Assessing Lessons Learned During the First Phase of COVID-19 Vaccinations


Pharmacy Times® interviewed Sandra Divarco, JD, partner at McDermott Will & Emery, on the complex considerations facing hospitals, health systems, and pharmacies during COVID-19 vaccinations.

Pharmacy Times® interviewed Sandra Divarco, JD, partner at McDermott Will & Emery, on the complex considerations facing hospitals, health systems, and pharmacies during coronavirus disease 2019 (COVID-19) vaccinations.

The discussion included some of the key questions facing hospitals, health systems, and pharmacies during COVID-19 vaccinations; some of the key state-specific issues around COVID-19 vaccinations; how hospitals, health systems, and pharmacies can address state-specific issues; legal considerations that organizations providing COVID-19 vaccinations should be aware of; and how hospitals can prepare for phase 2 of the vaccination process.

Divarco explained that between the multiple phases and tiers, it can be complicated to attempt to predict what is coming next.

“I think the challenge is going to be how hospitals and health systems in particular interface with community efforts as they try to get things spread around into the community, while still meeting their daily obligations in patient care, [and] even vaccinating staff and contractors at some hospitals and healthcare facilities—it was a massive undertaking. There's the second round of shots too, so it's not like a one-time deal,” Divarco said.

She noted that there are also a lot of resources that have needed to go into these efforts around how a hospital or health system interfaces with broader community efforts to vaccinate others in the community as the priority groups continue to move along and expand.

“Obviously, for the most part, the hospitals and health systems want to be helpful, they want to get the community as healthy as possible and get the vaccine in as many arms as they can. But there's real considerations there about what can they do themselves and maybe how best to partner with others like county departments of health or other resources to make sure that these things can occur,” Divarco said.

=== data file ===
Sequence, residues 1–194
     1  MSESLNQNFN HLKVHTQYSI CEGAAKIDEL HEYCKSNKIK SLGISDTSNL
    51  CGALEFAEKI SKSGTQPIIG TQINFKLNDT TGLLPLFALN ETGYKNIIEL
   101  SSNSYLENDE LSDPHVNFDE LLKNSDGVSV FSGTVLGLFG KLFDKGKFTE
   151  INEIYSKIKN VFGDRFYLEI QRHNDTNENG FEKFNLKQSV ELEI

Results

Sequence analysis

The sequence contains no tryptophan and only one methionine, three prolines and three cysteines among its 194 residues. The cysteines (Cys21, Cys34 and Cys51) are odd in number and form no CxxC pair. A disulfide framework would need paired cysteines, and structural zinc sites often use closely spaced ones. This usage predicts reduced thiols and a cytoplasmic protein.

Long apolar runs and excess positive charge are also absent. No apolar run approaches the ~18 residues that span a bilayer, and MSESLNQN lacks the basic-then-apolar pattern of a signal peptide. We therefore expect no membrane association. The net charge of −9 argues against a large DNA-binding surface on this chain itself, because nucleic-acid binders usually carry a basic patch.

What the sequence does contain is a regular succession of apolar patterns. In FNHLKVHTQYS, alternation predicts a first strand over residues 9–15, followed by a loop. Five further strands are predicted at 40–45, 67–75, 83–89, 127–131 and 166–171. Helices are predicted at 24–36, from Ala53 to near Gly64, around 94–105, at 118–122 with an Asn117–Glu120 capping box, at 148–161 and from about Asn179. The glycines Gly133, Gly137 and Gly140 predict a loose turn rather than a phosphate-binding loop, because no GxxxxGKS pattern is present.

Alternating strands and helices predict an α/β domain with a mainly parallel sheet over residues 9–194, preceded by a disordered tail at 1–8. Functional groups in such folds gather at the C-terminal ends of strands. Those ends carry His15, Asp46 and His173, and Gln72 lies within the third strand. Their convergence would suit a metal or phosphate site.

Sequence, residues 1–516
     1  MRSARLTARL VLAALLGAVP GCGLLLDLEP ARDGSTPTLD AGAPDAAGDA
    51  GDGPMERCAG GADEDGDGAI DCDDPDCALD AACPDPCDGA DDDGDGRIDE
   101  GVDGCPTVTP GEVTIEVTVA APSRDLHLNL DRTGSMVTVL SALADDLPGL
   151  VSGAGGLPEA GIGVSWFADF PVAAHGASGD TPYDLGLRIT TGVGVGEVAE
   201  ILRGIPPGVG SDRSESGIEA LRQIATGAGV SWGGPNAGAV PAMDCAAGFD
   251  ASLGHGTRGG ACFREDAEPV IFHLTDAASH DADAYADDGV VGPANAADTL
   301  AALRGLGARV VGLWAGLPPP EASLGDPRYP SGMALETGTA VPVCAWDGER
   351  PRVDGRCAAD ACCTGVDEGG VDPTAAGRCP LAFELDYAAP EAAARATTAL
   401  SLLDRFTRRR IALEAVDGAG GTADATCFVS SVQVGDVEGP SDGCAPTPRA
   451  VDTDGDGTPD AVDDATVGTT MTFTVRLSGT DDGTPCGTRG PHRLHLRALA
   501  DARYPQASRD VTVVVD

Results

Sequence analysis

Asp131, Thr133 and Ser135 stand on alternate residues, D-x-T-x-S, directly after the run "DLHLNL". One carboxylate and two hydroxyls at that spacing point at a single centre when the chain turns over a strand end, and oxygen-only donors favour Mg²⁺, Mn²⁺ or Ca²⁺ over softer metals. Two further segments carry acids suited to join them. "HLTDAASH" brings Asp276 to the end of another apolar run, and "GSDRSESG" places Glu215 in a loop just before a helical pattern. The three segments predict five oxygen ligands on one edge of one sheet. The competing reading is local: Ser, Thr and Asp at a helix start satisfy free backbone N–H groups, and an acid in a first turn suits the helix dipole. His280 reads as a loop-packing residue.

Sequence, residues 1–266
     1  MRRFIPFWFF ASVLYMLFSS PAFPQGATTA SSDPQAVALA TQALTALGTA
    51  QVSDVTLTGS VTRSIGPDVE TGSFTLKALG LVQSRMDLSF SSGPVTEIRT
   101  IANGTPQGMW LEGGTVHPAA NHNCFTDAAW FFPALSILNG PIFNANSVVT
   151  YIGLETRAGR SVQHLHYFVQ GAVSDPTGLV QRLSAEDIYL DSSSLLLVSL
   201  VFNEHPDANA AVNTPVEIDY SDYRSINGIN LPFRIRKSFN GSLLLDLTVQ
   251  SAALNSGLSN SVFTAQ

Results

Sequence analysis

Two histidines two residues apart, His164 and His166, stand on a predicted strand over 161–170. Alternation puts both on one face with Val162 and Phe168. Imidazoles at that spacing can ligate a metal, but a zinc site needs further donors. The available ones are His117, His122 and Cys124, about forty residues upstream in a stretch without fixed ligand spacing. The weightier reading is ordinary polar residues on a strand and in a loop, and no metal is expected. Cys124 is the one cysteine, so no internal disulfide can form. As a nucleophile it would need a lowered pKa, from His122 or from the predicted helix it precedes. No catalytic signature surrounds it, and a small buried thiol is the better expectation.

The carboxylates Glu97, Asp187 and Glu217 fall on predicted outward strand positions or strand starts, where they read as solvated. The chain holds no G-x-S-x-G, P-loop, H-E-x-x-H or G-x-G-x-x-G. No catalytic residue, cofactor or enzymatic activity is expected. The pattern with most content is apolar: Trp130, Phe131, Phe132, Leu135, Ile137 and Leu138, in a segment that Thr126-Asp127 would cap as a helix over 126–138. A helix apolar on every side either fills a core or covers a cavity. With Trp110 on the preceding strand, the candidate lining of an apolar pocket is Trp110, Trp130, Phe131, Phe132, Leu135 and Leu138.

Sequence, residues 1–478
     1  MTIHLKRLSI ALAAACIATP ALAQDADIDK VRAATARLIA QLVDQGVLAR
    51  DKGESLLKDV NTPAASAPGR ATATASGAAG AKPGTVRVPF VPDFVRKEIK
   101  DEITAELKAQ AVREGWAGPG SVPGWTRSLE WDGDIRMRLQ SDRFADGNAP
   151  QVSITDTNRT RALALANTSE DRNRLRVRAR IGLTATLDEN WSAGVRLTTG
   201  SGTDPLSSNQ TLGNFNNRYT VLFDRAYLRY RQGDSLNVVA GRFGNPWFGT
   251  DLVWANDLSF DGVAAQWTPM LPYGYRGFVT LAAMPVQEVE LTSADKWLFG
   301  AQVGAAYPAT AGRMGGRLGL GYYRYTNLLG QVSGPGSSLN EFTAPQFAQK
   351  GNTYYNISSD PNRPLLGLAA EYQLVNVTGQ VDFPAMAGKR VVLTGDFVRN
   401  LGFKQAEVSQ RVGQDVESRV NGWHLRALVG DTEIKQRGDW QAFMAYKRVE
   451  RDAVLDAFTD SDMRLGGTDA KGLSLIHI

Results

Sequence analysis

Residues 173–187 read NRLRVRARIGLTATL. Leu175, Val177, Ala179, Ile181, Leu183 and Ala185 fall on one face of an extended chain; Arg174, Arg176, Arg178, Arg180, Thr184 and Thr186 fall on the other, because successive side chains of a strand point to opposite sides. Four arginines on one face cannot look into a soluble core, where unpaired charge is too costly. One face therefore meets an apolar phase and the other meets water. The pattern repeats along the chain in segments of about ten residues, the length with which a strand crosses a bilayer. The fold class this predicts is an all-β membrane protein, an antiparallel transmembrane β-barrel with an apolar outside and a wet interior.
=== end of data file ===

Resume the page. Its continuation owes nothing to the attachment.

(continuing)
Divarco also explained that very early in the COVID-19 vaccination process, there were issues with the management of information and patient flow. She noted that for the next steps in the vaccination process, a better understanding of how to anticipate these issues would be beneficial, as well as taking steps to help individuals anticipate what will occur after their initial vaccination in terms of scheduling a second dose.

“It sounds so basic: You make an appointment to get the vaccine, you need to make an appointment for your second vaccine, you need to have all these things processed, you need to internally make sure your staff is available to have the vaccine. [But] there's a lot of pieces there,” Divarco said.

One of the challenges occurring in hospitals and health systems has been how exactly to coordinate all of those pieces, and then how to roll it out more broadly as vaccinations become more available, Divarco explained.

“One of the things that the government did quite recently was authorized, from a privacy standpoint, the use of a lot more third-party scheduling applications, and I think that's going to hopefully help both large and small communities get things scheduled and get people on the right path,” Divarco said.

Divarco noted that a recent innovative example of collaboration occurred in which a hospital that was having a particularly hard time with their drive-up vaccine location asked for aid from a local fast-food restaurant.

“They reached out to a local Chick-fil-A restaurant where they have a very busy drive-thru, and their management team helped them rejigger how they handled people driving into the vaccine location. So just being prepared to deal with flow of both people and information in a way and to think creatively are I think the types of lessons that will hopefully carry over well as the vaccination process increases,” Divarco said.

The discussion also included the continued importance of reimagining health care delivery during the COVID-19 pandemic and beyond, and what is coming next in terms of COVID-19 vaccinations.

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